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Opinions of Thursday, 17 December 2020

Columnist: Akua Afriyie Addae

Grieving the elections

Following Ghana's elections for more than two decades, (and that of other jurisdictions), and the reactions of losers and winners, (especially some close friends of mine), I can't help, but write.

Grief is a natural response to loss. People grieve when loved ones and pets die, relationships end, properties are lost, businesses collapse and of course when elections are lost.

Elizabeth Kubler-Ross, one of the prominent writers on grief and bereavement, proposed that, we go through 5 stages in the grieving process:

1. Denial
2 Anger
3. Bargaining
4. Depression
5. Acceptance

It is noteworthy that individuals can vacilitate between the stages
Regarding elections, it is natural to observe the losing persons/parties react to the initial shock of loss with outrightly rejecting the outcome. To those persons/parties, it is not true that they lost. They can't accept the result.

This is especially so when the results are close. It is very difficult to come to terms with reality. That is denial.

Then, there is massive anger. The anger is mostly attributed to external factors, but can also be directed inwards. So, in the US, it is not surprising that, the president blames their electoral system. In Ghana, people have poured their anger on the EC, some have resorted to demonstrating and burning tires.

In some cases, people turn on others, and sometimes they blame and attack their own party members for the loss. (It is important to note that their anger may be justified, especially, in situations where the elections are fraught with serious infractions). That is stage 2

In the third stage, the losing side starts looking inwards. For example, they can say, "if we had done A, B, C, D, we will not have lost". "Maybe, if they recount we will win". "If we go to court, we could win" (especially if they feel cheated). In the US, their president has filed multiple suits, with the hope of getting the results overturned. In times past in Ghana, a losing party after expressing so much anger also took a legal action. That is BARGAINING.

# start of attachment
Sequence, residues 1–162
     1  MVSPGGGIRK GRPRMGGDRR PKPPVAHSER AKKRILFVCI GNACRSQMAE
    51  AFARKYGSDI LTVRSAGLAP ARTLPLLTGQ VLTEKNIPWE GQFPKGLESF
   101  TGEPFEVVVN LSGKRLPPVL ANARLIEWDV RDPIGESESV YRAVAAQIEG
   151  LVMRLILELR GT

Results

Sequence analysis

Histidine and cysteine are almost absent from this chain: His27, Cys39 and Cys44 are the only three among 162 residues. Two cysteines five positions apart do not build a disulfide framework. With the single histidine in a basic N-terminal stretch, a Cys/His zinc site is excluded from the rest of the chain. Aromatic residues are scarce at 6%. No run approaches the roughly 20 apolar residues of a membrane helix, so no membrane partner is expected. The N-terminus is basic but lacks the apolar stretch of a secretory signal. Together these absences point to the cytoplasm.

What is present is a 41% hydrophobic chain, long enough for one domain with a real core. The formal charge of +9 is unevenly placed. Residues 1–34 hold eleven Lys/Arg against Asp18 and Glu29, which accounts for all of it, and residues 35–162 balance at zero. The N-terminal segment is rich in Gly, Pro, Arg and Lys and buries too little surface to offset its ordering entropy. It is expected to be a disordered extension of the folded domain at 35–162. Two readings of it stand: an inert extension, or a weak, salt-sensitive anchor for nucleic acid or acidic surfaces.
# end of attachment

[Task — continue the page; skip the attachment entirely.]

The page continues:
Subsequently, individuals may become depressed- Perhaps not a full blown clinical depression. However, they may be sad, withdrawn, anxious, feel guilty, or become physically ill, as they realize that nothing they do will change the outcome.-DEPRESSION

Gradually, they begin to accept the inevitable, and move on with their lives, resolving to do things better or work harder to wrestle power in the next election. ACCEPTANCE.

If people are unable to grieve properly, they experience what we call complicated grief. However, that is for another time. In this case, they are unable to get over the loss and their lives get stuck.

It is noteworthy that, Kubler-Ross has been criticized. However, her theory gives us an idea as to what happens when we lose something/someone we consider important,

I have some friends who are currently vacilitating between stages 1 and 3.

We pray things don't get out of hand as people express their anger and frustration. We entreat our security services to carefully and humanely manage the anger and frustration of demonstrators. We also entreat demonstrators to express their anger in a non-destructive manner. More importantly, we entreat those who believe they have won, not to provoke the other side who they believe have lost (in their celebrations).

No more lives need to be lost.

For most of us, the only place we know and will ever know and run to is GHANA.